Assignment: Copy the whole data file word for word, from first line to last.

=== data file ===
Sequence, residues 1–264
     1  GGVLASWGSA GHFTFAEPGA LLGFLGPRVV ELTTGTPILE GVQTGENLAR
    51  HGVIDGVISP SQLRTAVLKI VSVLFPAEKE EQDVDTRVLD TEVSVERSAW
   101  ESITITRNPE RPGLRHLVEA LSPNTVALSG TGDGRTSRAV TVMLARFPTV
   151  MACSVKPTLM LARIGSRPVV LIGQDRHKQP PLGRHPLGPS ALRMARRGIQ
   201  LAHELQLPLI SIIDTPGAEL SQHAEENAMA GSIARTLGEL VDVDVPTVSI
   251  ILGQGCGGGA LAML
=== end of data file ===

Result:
Sequence, residues 1–264
     1  GGVLASWGSA GHFTFAEPGA LLGFLGPRVV ELTTGTPILE GVQTGENLAR
    51  HGVIDGVISP SQLRTAVLKI VSVLFPAEKE EQDVDTRVLD TEVSVERSAW
   101  ESITITRNPE RPGLRHLVEA LSPNTVALSG TGDGRTSRAV TVMLARFPTV
   151  MACSVKPTLM LARIGSRPVV LIGQDRHKQP PLGRHPLGPS ALRMARRGIQ
   201  LAHELQLPLI SIIDTPGAEL SQHAEENAMA GSIARTLGEL VDVDVPTVSI
   251  ILGQGCGGGA LAML